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INTERVIEW: Ron the Baptist

Hi Ron, welcome to VENTS! How have you been?

Hello good people of the internet. I’ve never felt so good, and I’m looking forward to doing a little venting myself.

Can you talk to us more about your latest single “Adonis”?

Adonis is a dance rock track about confiding in a close friend. It’s a jacked up tune with a heartfelt message about loving a statue. We took special care to pack it full of my favourite things – saxophone solos, vintage synthesizers, and a singalong chorus with a lyrical emphasis on remorse. It’s one of a kind, and it’s out on streaming platforms now.

Did any event in particular inspired you to write this song?

I ripped the inspiration for the song from your typical supermarket tabloid headlines – a cover story that read “I’M IN LOVE WITH 3FT STATUE OF ADONIS – BUT WE WON’T WED…I’D CHEAT WITH OTHER STATUES”. Not the most relatable topic in the world, but I’ve always loved a good challenge. The meaning changed as these things so often do, but the core concept of statues and infidelity? Some stories are too good to leave on the cutting room floor.

Any plans to release a video for the single?

You bet your boots. We’re working through the editing process right now for our very own music motion picture in stunning technicolour video, complete with flashy clothes, pretty girls and confetti cannons. Keep your ear to the ground and your eyes on the internet.

The single comes off your new album Sorry This Happened To You – what’s the story behind the title?

What can you really say to someone complaining about their life being in dire straits? This album is 20 minutes’ worth of Ron the Baptist complaining about failed relationships, mixed signals, anger management – pretty much the only thing to say when confronted with that kind of negative energy is the blanket statement “Sorry This Happened To You”.

How was the recording and writing process?

Nothing like it in the whole world. Took a couple tunes I had cooking and saddled up for recording with Canadian rock n’ roll heroes the Elwins. Over a series of weekends locked in basement, bedrooms, and windowless recording studios we took my songs from zero to one hundred, and even had some fun along the way.

What role does Toronto play in your writing?

What can I say about Toronto that hasn’t already been said – it’s the original Hogtown, a metropolis with the winning combination of bright lights and big headaches. My lyrics are pulled from experience – experiences like the quiet comfort of an afterhours Chinatown restaurant, the neon glow outside of a club that you don’t want to be at, and the solemn trek home through the park at night. It could’ve happened anywhere, but it happened here, and I sure am glad it did.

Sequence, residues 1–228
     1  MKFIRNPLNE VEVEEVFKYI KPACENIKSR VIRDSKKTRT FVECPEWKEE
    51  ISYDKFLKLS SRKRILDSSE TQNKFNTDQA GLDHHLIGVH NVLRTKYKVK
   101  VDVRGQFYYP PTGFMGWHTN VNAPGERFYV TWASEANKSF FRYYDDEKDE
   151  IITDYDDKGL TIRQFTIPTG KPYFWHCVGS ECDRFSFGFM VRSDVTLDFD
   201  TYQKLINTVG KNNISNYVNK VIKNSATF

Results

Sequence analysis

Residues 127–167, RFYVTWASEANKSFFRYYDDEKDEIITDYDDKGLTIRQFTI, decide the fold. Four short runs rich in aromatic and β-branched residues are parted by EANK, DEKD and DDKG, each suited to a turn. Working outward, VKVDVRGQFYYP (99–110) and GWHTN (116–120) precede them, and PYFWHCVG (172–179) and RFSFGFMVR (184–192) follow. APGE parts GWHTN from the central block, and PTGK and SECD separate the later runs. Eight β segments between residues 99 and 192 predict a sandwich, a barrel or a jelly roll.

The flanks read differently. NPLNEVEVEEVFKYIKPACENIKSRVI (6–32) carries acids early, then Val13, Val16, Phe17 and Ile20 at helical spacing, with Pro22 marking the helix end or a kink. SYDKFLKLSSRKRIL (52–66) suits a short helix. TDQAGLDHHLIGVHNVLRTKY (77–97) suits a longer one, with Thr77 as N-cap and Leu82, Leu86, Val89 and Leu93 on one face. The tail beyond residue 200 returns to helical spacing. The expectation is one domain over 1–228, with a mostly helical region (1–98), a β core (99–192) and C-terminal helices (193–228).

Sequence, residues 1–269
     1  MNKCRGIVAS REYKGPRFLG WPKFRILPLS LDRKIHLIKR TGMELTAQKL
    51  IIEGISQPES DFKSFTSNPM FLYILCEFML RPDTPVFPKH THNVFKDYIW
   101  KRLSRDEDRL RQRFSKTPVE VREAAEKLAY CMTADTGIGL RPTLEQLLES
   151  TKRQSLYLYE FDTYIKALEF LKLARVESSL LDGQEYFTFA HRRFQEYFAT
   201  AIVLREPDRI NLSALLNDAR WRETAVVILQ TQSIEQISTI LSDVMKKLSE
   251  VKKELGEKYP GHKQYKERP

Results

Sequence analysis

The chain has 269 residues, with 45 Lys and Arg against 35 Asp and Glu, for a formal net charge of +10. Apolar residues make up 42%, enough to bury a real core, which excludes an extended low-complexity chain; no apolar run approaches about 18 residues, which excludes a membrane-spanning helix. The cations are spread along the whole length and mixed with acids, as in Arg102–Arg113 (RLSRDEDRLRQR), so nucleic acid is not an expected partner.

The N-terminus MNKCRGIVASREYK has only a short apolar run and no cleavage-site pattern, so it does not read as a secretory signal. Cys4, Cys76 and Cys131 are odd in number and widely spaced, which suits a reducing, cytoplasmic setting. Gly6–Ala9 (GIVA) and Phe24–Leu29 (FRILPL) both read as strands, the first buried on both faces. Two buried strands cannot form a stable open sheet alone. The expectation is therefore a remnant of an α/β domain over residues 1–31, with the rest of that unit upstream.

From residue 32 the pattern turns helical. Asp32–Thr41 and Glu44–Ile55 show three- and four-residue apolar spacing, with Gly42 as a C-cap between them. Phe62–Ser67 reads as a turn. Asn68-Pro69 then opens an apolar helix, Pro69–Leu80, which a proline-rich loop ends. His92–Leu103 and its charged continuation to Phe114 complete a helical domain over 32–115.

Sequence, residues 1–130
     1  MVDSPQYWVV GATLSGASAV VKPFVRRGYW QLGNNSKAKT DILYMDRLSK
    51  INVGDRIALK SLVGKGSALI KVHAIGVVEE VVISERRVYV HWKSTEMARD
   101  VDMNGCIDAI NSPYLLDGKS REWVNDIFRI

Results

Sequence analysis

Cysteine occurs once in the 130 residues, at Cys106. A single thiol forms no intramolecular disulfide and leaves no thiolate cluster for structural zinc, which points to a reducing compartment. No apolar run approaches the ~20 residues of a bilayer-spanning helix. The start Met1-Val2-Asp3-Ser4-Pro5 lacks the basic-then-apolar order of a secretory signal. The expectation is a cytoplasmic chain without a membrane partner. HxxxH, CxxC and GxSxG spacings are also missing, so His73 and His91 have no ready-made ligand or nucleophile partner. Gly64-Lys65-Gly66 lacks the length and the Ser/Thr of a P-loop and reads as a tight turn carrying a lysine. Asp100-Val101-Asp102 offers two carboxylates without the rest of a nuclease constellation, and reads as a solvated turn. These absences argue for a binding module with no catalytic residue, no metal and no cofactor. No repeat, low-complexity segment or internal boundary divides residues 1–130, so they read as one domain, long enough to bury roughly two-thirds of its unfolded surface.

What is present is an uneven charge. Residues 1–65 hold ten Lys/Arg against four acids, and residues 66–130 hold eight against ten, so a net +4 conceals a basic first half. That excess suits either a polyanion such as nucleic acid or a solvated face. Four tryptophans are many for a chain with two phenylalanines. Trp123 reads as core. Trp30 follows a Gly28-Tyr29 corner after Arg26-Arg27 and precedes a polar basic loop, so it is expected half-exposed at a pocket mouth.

What is it about the 80s that you find so fascinating?

It was the era of excess – a glorious decade when synthesizers and guitars lived together in harmony, and a man who looked like Phil Collins could be the biggest star in the world. Haircuts had more volume, outfits were flashier, and radio stations weren’t afraid of a little rock and roll. Truly, those were the best of times. Nothing wrong with looking backwards.

How have Bleachers and The Killers influenced your music?

The Killers and Bleachers make a more charismatic brand of music – music with the right combination of hair, flair, and upbeat songs about falling out of love. From the instruments they use to the precise execution of their live show, these guys have shown me what it means to go beyond being a musician and to become an entertainer. There’s a reason Mr. Brightside is still the song they use to shut down every party worth going to.

What aspect of regret did you get to explore on this record?

The only stories I regret are the ones I wasn’t involved in. That being said, there’s definitely an undercurrent of missed connections and mixed intentions ingrained in the DNA of the record. No matter what it is – music, romance, cliff diving – sometimes you set out with the best intentions and then miss the landing. If that ain’t a feeling worth exploring, I don’t know what is.

Any plans to hit the road?

I’ll play wherever will let me, even if it means burning through a tank of gas. I got big dreams to hit the open road, see my name in bright lights, and play the best damn opening act the world has ever seen. Give us a minute to get up and running, but we’ll get there – and we’re coming to put on a show.

What else is happening next in Ron The Baptist’s world?

Play some shows. Make some new friends. Throw some parties along the way. The future’s looking bright – nothing but good vibes.

You can listen to the track HERE

About RJ Frometa

Head Honcho, Editor in Chief and writer here on VENTS. I don't like walking on the beach, but I love playing the guitar and geeking out about music. I am also a movie maniac and 6 hours sleeper.

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